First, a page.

Blogging In The Beginning:
There was one ranking system. Rankings weren’t based on SEO, keywords, or anything like that, but strictly on how many people read your blog.
Blogging was new. The first blog post was written in 1997–seven years before I began mine.
“The Facebook” began in 2004 but was only open to college students in selected colleges. Twitter was a twinkle in Jack Dorsey’s eye. Social media didn’t exist in its present form when I an “older” blogger began. I’m proud I had the nerve to do something so different.
Blogging was exciting. Blogging was like writing while walking on a high wire without a net. If you know me you know that’s impossible. Yet…..
Courting Destiny was #2,540 out of 55 million or 60 million. Ok it was a long time ago but damn that was exciting. My “A” rating lasted a long time.
Learning About NLD
I had no idea that I was about to set off on the journey of my lifetime, as I hadn’t yet learned about nonverbal learning disorder/disability (NLD, NVLD.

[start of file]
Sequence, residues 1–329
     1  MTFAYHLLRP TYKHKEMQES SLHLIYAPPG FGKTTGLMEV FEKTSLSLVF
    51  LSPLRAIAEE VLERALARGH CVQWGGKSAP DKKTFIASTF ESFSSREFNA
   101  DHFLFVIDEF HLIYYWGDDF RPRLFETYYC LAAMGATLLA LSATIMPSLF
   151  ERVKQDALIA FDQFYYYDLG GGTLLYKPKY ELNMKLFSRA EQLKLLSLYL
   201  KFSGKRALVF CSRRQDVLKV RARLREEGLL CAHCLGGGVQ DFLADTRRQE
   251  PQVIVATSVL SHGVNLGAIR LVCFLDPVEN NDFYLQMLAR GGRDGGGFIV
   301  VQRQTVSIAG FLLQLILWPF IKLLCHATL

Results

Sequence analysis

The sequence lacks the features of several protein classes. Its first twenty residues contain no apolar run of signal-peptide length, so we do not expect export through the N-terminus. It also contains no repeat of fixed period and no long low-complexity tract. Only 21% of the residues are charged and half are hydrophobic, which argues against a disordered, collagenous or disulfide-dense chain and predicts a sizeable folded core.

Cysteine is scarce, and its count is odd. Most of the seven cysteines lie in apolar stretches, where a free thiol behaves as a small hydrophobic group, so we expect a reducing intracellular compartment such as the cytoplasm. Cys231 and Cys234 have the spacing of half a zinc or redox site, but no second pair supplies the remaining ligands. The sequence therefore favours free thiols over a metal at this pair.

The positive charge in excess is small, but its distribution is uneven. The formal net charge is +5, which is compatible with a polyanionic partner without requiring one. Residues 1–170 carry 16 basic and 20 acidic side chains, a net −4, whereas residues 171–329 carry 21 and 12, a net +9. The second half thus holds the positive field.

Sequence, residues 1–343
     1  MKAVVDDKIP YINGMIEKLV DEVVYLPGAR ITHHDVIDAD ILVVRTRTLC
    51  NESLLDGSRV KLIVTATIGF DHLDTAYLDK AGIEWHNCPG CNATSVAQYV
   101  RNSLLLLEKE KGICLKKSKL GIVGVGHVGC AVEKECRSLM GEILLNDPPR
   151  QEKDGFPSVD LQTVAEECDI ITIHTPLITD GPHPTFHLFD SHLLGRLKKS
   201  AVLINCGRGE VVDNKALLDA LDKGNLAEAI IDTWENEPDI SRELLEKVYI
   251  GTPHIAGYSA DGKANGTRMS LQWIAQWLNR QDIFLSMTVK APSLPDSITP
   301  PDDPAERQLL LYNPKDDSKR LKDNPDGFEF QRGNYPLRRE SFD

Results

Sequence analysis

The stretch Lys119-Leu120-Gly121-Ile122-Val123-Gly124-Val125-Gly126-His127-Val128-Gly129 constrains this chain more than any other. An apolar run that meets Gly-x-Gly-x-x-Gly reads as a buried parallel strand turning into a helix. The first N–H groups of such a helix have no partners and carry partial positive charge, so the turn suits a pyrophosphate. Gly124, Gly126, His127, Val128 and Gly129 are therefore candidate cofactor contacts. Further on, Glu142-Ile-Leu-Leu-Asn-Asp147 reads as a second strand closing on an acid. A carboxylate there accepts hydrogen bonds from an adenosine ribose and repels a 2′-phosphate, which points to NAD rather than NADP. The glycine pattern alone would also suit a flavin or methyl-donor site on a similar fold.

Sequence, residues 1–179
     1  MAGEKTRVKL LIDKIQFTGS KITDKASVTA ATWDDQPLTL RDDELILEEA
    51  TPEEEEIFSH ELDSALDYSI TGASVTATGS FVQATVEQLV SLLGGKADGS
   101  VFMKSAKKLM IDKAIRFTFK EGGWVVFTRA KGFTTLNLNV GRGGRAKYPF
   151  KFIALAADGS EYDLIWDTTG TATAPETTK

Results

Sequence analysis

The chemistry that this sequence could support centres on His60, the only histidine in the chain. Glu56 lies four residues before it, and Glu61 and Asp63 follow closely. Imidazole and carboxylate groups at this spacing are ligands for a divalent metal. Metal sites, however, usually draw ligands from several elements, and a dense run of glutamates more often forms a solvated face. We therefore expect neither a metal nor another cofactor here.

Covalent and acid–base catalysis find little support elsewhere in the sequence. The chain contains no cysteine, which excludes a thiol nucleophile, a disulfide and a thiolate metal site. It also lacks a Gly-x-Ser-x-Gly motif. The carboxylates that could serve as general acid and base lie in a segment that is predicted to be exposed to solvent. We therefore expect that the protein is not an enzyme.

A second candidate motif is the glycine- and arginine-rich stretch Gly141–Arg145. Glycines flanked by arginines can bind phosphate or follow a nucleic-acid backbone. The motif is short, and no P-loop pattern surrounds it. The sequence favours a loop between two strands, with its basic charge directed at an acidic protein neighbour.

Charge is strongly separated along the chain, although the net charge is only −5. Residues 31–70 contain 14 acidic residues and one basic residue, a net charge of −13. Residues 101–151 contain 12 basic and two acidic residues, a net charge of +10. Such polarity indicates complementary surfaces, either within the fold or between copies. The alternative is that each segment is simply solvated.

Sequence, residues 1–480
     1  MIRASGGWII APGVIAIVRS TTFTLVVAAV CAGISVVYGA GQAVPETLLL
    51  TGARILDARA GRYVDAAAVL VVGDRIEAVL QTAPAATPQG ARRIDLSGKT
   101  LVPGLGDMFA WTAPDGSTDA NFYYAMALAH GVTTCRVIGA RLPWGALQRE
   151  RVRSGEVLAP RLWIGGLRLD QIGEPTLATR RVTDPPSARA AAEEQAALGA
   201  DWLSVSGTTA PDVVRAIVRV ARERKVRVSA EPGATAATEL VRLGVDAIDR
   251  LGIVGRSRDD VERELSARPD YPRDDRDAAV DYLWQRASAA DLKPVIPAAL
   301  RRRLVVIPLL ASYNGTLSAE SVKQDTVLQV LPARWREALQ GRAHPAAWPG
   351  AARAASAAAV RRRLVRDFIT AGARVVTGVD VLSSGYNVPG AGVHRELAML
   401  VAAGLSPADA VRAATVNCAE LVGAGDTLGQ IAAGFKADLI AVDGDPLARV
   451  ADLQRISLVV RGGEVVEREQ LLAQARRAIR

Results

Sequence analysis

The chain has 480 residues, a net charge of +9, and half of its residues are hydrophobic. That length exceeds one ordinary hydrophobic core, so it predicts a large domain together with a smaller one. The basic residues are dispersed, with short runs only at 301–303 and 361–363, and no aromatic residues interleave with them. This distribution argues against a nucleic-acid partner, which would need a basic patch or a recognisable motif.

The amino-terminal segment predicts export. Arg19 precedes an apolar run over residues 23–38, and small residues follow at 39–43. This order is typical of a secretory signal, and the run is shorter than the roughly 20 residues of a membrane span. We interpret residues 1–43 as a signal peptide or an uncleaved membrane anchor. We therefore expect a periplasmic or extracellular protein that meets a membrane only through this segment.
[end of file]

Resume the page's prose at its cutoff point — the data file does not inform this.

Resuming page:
A friend who was writing a book about learning disorders called that June, to say that he had spoken to somebody about NLD, and she sounded a lot like me. He gave me her number…..
I spoke to her. Then I went to the psychiatrist who had refused me to give me an Asperger’s diagnosis in the 1990s though I thought I begged nicely. He had said that it didn’t fit me at all.
I asked why he never told me about NLD though it was so obviously The Diagnosis.
He told me there were several reasons that he never told me though I definitely had NLD; my verbal scores were much higher than my nonverbal scores to put it simply.
But I was doing so well!
Very little seemed to be known about NLD. I don’t have the socialization problems often associated with NLD, (though I can be socially anxious there’s a difference, he said.)
My psychiatrist thought that I was insightful, could easily see the big picture but seem to love to become mired in details. There were many other reasons why I had NLD and why he thought it shouldn’t make a difference in my life. I wish he had told me about NLD as knowing about it should have been my choice.